Sometimes, it is quite difficult to make that one concept you want for your character.

My group quite often ends up in the situation that the concept one of them have in mind for their character doesn't quite fit the rules, and you can't really make that character work with what Pathfinder offers as-is, sometimes even with supplements and third-party material. To give a recent example:

  • A player wants to roll a tanky barbarian-like warrior focused on defending its group while wielding an axe and shield, but:
    • Doesn't like Rage mechanics,
    • Wants to keep her character's gear more savage-like, with heavy furs serving as the little clothing she'll wear,
    • Wants to be able to protect her group and tank effectively, while being able to deal good damage,

An almost-perfect match for this is the warder. The class is very tanky, has good defensive mechanics, is very closely-related in power level to the rest of the group, and works nicely with sword and board.

But the warder uses plate armor, and it doesn't fit the "visual concept" the player wants for her character.

To solve that, I created the Berserker's Battle Furs. It is basically the same as a Full Plate in terms of stats:

Type: Heavy Armor

Cost: 1,500 gp;

Weight: 50 lbs.

Armor Bonus: +9;

Max Dex Bonus: +1;

Armor Check Penalty: -6

Arcane Spell Failure Chance: 35%;

Speed: 20 ft./15 ft.

...But it looks like a heavy set of fur bracers, boots, loincloth and cloak, more or less like the reference image. I used a lore explanation to justify the price and the stats, saying that it is made from the treated pelts of dire beasts. My only problem would be to time to don, since this is obviously easier to put over your body than a full suit of armor, and even so this situation comes up so rarely that it wouldn't be a big deal.

This solved the issue at hand, the player got quite happy, and now our group has a barbarian-but-not-really defending the group as a wall of flesh, fur, and awesomeness.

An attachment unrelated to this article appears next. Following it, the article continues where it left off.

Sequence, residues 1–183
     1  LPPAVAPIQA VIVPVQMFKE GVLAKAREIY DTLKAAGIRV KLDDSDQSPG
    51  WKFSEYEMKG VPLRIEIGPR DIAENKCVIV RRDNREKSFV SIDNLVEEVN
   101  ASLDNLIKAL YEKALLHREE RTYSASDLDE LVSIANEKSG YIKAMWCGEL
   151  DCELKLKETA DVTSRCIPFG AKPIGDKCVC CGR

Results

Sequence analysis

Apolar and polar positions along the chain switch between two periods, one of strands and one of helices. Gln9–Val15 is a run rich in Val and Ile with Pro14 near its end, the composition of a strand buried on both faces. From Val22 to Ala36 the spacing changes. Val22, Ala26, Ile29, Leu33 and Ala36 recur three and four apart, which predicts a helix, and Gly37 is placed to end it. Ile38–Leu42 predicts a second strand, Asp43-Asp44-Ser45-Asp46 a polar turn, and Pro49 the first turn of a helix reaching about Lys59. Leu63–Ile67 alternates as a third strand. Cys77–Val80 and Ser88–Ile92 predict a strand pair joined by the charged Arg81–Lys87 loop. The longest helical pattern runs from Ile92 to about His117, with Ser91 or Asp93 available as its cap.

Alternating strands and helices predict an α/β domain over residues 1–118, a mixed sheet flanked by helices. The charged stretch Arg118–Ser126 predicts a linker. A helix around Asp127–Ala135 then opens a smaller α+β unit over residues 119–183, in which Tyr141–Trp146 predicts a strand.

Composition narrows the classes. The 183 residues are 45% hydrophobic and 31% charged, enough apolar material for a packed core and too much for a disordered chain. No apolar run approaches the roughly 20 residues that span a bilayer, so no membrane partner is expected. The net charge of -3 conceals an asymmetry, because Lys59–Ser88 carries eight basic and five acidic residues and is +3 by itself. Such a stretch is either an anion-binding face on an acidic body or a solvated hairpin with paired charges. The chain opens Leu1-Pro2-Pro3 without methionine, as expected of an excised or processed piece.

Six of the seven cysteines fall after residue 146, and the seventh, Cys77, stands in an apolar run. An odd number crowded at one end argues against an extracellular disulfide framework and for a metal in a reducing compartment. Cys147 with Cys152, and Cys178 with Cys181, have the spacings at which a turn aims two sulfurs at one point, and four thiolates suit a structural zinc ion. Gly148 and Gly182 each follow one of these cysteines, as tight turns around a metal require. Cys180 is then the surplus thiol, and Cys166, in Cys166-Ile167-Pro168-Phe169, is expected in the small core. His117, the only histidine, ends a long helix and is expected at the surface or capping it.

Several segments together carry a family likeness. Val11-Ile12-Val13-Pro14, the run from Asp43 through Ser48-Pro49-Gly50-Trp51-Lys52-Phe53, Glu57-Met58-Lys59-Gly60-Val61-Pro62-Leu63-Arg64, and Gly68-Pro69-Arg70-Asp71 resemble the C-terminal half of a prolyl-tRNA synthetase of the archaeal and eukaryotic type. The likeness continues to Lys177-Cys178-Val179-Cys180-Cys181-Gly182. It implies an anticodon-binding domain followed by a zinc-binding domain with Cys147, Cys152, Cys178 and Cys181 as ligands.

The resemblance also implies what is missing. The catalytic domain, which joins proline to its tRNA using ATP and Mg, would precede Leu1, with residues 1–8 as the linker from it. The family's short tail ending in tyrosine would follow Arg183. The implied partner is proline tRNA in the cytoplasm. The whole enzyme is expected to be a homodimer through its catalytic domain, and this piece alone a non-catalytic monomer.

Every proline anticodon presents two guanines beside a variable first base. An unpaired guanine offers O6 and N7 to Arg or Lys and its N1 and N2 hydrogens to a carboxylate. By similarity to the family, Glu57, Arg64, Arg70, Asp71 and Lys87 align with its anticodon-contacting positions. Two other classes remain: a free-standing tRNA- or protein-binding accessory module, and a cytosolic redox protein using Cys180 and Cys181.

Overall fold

This got me wondering - is this a balanced approach for giving my players more diversity regarding character concepts? Or am I going to shoot myself in the foot, like I did so many other times in the past, by not seeing something coming?

  • 1
    \$\begingroup\$ Balance is always against something. Are you trying to balance game mechanics against other heavy melee types in your party? Or are you trying to make it balanced in a homebrew module, when you have to take everything into account, including Druids and spells that affect metal?.. \$\endgroup\$
    – Mołot
    Feb 18, 2020 at 12:46
  • \$\begingroup\$ @Mołot I'm trying to balance this approach (re-skinned gear) against the vanilla versions of the same gear. \$\endgroup\$
    – T. Sar
    Feb 18, 2020 at 12:51
  • \$\begingroup\$ You mention that you changed the time required to don the armor (or you didn't, not clear). Do you consider such changes a part of "reskinning"? If so, what are the limits? minor note: when I read "being able to deal good damage", I first thought they want to deal aligned damage :) \$\endgroup\$
    – Szega
    Feb 18, 2020 at 14:03
  • 1
    \$\begingroup\$ I will vote to close because it is not clear to me how to answer this question without being too subjective. It sounds like you are doing something and you have worries about it and asking for confirmation. Everytime you homebrew, you are taking a risk, and that's part of being a DM. A better question would be more specific: "I made a special fur armor, what would be its mechanical effects / is it balanced?" \$\endgroup\$
    – ZwiQ
    Feb 18, 2020 at 14:26
  • 2
    \$\begingroup\$ @ZwiQ The way you answer this without being too subjective is by describing personal experience gained from doing something similar. In my experience anecdotal answers are welcomed on this stack, as long as they include some reasoning. Personally I'd expect there to be a wealth of experience here in re-skinning/re-flavoring content. IMO this isn't homebrew - it's an attempt to avoid homebrew \$\endgroup\$ Feb 18, 2020 at 22:42